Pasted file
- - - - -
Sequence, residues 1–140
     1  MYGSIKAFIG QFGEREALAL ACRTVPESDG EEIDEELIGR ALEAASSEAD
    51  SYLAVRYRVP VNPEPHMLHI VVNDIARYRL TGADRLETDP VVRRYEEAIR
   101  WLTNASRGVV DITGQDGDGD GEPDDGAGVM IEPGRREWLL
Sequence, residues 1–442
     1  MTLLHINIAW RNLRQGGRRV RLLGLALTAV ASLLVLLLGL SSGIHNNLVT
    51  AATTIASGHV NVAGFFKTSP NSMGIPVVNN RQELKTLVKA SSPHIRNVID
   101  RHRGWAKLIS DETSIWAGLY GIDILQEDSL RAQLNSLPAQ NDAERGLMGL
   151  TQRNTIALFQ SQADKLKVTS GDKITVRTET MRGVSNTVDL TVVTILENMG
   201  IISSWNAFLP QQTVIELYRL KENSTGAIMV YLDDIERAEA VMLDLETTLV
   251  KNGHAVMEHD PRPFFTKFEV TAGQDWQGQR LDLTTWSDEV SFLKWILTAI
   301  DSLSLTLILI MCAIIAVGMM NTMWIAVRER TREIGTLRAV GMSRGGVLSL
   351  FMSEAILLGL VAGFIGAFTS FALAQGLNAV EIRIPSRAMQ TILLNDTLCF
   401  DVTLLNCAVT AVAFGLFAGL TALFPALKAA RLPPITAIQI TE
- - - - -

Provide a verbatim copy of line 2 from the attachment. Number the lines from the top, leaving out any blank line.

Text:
     1  MYGSIKAFIG QFGEREALAL ACRTVPESDG EEIDEELIGR ALEAASSEAD